In response to The Daily Post’s weekly photo challenge “Treat,” we’re thrilled to share more from Rob about his fascination with seeds and his process in capturing these stunning images – treats and mysterious wonders of nature. ~ Amber Lotus
From childhood, my love of flowers has always been an instinctive response to the sheer diversity of colors and shapes, and I think this is reinforced by the cyclical nature of the way they appear and are transformed throughout the seasons. There is a reassuring regenerative spirit of familiarity to see a tiny shoot emerge from the ground into full-blown blossom, and I never get tired of looking at the annual spring spectacle.
Looking is a somewhat undervalued skill rooted in our primitive needs to identify pattern, form, and shape in order to facilitate secure passage through life. The more intensely we look, the better our cognitive powers to interpret and translate our response into new physical form.
A lens, in both its physical and contextual form, gives a point of focus that enhances clarity of observation and nourishes our vision. It is both the lens of my own eyes and those of the various microscopes I use that nourish my creative drive and provide me with the stimulus to share my passion with others.
The images are created using a Scanning Electron Microscope (SEM). I prepare the specimens by coating them with a micro-fine layer of gold before bombarding them with a beam of electron particles and focusing them through powerful magnets onto a screen. The resulting images have phenomenal resolution at high magnification, anything up to X 10,000. But I often work with larger specimens at low magnification, taking up to fifty shots that are subsequently pieced together in the post-production phase.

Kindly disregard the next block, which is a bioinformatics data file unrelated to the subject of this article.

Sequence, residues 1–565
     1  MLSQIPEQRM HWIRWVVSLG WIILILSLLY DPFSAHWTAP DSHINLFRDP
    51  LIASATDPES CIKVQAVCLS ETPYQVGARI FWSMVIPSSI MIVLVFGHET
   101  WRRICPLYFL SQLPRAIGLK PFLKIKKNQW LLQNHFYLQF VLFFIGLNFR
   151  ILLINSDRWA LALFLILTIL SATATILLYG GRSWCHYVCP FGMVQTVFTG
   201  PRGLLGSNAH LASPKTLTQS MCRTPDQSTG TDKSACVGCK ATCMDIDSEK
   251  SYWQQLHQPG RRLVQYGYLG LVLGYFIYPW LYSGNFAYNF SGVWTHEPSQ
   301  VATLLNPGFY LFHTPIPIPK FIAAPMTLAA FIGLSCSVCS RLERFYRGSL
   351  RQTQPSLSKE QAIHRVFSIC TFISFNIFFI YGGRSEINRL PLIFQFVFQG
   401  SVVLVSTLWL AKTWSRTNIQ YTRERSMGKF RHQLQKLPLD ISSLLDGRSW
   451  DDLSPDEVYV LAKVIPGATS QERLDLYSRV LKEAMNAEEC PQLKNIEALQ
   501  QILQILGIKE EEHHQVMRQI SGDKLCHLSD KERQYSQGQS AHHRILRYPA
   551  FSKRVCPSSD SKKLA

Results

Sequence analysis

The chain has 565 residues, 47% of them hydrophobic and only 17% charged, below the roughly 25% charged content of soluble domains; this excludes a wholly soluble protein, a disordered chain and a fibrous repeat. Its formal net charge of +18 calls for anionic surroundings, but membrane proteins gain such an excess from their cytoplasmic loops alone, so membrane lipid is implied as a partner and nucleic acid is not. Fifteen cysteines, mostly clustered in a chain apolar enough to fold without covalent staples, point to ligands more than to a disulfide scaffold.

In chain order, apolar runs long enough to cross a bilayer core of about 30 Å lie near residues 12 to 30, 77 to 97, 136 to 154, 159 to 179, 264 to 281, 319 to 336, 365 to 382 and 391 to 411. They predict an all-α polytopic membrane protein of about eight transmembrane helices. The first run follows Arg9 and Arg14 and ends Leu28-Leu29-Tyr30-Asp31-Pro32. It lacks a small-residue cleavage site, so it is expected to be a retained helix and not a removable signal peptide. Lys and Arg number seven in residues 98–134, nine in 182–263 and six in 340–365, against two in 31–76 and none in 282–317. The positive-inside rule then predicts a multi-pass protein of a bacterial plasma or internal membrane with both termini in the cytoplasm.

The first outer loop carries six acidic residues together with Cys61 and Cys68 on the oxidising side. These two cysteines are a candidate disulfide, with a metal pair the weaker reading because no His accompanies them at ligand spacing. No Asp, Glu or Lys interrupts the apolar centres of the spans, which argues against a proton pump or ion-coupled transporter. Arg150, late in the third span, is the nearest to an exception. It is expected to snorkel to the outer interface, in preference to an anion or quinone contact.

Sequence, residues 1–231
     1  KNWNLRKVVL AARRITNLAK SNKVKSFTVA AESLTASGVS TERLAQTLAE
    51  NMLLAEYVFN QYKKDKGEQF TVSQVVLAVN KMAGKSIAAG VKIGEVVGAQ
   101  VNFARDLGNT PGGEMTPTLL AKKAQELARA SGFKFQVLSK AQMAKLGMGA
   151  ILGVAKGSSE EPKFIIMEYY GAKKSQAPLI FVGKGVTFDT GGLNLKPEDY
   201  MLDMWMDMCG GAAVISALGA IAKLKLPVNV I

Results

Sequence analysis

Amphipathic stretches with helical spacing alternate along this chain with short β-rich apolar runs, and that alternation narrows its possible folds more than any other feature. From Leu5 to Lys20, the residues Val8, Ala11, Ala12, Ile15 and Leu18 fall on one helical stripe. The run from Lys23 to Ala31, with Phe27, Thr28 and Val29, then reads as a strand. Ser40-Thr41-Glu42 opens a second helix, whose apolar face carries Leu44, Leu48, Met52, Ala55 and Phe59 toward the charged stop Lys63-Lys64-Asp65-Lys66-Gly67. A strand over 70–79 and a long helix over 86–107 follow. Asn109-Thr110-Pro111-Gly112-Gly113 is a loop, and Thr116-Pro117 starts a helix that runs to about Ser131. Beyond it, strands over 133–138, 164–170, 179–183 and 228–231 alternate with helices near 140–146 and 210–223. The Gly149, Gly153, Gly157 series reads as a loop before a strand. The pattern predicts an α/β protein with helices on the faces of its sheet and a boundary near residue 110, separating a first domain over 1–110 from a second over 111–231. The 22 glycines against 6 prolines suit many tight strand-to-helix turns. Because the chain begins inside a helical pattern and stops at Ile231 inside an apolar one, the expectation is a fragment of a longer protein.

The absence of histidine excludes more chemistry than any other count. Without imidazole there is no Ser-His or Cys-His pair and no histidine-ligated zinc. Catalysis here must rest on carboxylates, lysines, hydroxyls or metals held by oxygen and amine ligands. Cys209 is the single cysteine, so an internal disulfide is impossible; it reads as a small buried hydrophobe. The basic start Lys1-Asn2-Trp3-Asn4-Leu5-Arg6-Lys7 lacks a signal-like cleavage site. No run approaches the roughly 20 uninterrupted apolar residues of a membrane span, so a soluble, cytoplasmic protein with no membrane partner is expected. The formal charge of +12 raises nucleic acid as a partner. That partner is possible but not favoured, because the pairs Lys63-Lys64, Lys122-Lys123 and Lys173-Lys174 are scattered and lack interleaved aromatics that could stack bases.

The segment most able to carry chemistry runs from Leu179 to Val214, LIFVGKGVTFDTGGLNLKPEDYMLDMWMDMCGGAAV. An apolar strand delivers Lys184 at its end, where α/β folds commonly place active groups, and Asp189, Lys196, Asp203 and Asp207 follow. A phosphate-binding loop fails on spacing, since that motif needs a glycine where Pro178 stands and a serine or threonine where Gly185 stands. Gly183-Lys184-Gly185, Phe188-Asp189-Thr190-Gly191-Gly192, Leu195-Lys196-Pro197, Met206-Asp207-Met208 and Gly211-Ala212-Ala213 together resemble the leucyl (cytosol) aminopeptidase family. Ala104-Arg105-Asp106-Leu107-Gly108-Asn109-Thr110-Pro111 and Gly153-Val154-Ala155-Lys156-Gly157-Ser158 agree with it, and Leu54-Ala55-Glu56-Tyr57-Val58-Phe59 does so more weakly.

Color is then introduced using Photoshop. The question of color is often a topic that arouses discussion: Is this the real color? Or is it false color? Well clearly, this is not the color of the real specimen, but neither do I consider it false, a term applied by scientists to color that is added automatically with little scope for author intervention.
My use of color is a subjective and expressive interpretation that starts with reference to the original plant or flower, is modified to reveal structural and functional characteristics, and finally is resolved through what I might describe as chromatic intuition. The end result is one where my relationship with each specimen, from collection through drawing and photographing, is distilled into a powerful and mesmeric iconic image. As each plant uses color to attract an audience of insect collaborators, so I use color to attract a human audience for cultural and artistic purposes.
Rob Kesseler is a visual artist and Chair of Arts, Design and Science at Central Saint Martins – University of the Arts, London. A former NESTA Fellow at Kew and Research Fellow at the Gulbenkian Science Institute, Portugal, during the past fourteen years he has collaborated with botanical scientists and molecular biologists in an exploration of the living world at a microscopic level. He is a Fellow of the Royal Microscopical Society and the Linnean Society.
At the heart of new directions in art and science, his powerful images have reached a global audience and have been translated into a wide range of contexts and media, including ceramics, glass and textiles, video, and photography.
New for 2016 — Pollen Seeds Fruit Wall Calendar
This new fantastic calendar was recently featured on My Modern Met.